When you and the baby are awake, it is a good idea to let the baby lie on the stomach. This helps to train the important neck muscles, and it makes the child strong and mobile for the rest of his life.

When the baby is resting or sleeping on its back, it is a good idea to ensure that the head is turned to both sides (so that the baby is not only lying with its head facing the ceiling or sky).

When you play and babble with your baby on the activity mat or on the sofa, you can advantageously make games where the baby has to turn its head. This stimulates the baby to become more flexible in its sleeping position, and it strengthens gross motor skills and flexibility in the body.

Worth knowing about babies' neck muscles

For us adults, it may immediately sound uncomfortable to have to lie on your back and have your head turned either completely to the right or completely to the left.

What is special about this situation is that the baby's soft neck is mobile and flexible. It is therefore generally not associated with pain or discomfort to have the recommended sleeping position of lying on your back and resting your head alternately on both sides.

Not all babies find it easy to rest and sleep on their backs. Digestive problems can cause physical discomfort when lying on the back. And any locking in the neck muscles can make the sleeping position difficult.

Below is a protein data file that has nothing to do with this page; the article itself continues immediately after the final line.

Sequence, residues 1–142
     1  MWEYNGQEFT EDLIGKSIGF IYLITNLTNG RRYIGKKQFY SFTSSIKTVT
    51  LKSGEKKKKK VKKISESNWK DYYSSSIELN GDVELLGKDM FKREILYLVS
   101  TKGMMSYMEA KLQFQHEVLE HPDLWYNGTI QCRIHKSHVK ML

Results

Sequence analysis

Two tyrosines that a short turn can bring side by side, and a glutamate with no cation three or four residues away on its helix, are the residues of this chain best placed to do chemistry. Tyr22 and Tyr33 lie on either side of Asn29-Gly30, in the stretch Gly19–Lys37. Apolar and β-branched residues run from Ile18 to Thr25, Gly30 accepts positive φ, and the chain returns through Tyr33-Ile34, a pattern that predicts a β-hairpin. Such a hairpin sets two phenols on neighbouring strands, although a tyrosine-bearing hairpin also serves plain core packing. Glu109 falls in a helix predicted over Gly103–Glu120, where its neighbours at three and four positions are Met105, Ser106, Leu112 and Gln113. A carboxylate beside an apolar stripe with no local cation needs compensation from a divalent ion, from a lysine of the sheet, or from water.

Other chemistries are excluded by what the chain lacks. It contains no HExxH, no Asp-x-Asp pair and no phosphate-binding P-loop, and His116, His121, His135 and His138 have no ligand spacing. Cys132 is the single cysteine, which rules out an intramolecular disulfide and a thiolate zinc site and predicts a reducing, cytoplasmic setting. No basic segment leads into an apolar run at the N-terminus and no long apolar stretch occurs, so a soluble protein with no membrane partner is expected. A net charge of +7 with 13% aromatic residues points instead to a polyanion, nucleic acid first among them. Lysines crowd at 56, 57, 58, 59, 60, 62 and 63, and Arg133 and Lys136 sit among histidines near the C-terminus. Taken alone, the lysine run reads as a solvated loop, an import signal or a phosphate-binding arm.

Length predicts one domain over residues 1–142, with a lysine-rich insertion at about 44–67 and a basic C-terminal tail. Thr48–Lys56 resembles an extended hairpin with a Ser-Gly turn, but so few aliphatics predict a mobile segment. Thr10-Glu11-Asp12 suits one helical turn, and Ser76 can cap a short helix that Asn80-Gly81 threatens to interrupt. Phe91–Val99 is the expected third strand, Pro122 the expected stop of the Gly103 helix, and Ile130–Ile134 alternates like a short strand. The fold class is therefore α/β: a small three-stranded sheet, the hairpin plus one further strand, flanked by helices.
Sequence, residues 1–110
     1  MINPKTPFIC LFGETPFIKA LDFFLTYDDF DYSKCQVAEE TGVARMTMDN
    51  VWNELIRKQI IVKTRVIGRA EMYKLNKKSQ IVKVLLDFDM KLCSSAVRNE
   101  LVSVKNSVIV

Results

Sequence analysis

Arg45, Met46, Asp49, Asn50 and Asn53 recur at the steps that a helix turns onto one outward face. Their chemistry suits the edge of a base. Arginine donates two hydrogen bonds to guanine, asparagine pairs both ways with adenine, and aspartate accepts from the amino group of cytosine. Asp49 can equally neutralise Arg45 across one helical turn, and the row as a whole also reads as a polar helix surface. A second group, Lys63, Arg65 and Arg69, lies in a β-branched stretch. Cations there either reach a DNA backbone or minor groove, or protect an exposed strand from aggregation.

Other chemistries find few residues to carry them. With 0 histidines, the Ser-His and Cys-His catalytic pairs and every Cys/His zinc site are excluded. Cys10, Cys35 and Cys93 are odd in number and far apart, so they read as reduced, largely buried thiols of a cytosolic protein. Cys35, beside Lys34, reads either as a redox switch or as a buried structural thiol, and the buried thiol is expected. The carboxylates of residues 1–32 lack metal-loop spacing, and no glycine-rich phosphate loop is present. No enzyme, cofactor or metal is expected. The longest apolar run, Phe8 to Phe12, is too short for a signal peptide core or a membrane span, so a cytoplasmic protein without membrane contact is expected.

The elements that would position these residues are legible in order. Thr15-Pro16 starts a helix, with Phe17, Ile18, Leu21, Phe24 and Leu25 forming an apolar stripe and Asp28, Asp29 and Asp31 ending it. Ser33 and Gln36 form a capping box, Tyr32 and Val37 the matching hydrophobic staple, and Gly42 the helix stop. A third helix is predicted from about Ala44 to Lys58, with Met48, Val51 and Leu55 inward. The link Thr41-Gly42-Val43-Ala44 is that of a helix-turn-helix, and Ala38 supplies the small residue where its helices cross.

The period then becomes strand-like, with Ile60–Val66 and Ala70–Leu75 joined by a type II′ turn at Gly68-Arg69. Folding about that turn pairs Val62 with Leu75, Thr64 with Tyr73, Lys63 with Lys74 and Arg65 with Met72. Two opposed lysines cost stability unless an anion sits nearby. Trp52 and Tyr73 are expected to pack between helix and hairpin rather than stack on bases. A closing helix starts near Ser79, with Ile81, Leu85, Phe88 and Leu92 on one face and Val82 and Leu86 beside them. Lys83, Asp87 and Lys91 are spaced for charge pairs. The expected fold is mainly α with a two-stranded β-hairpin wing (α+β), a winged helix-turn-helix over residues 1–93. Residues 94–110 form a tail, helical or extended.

It is recommended that you contact your healthcare provider if you experience challenges in getting your son or daughter to sleep on their back over a longer period of time.

Reflux disease - therefore sleeping on the back can be challenging

Some babies are diagnosed with reflux, which is a disease related to the sphincter muscle that sits at the front of the esophagus and close to the stomach. It is completely normal for babies to burp a little after meals. The sphincter is not fully developed, and therefore some food or milk can get back up through the oesophagus.

Reflux disease is a condition where swallowing is associated with discomfort in the baby. Here, it is not only milk that is directed up through the esophagus but also stomach acid. It can reduce the baby's well-being, ruin sleep and create more or less permanent discomfort when acid-containing contents come up from the stomach at regular intervals.

If your baby has reflux disease, it is a good idea to raise the headboard of the baby bed a little, so that gravity helps to prevent acid from coming up when the baby sleeps on its back.

Good advice to avoid a flat back of the head and a crooked head shape

  • If you give your baby a bottle, you must switch arms each time the baby is fed.

  • Place a stuffed animal in the pram or baby bed that will remind you which direction the baby's head was the last time he slept or napped.

  • Pay attention to whether your baby has a locked neck or a stomach ache as the reason why he or she has difficulty sleeping on his or her back.

  • Contact your healthcare provider if your baby does not feel comfortable sleeping on its back.

  • Consider using a raised headboard in the cot if your baby has reflux disease.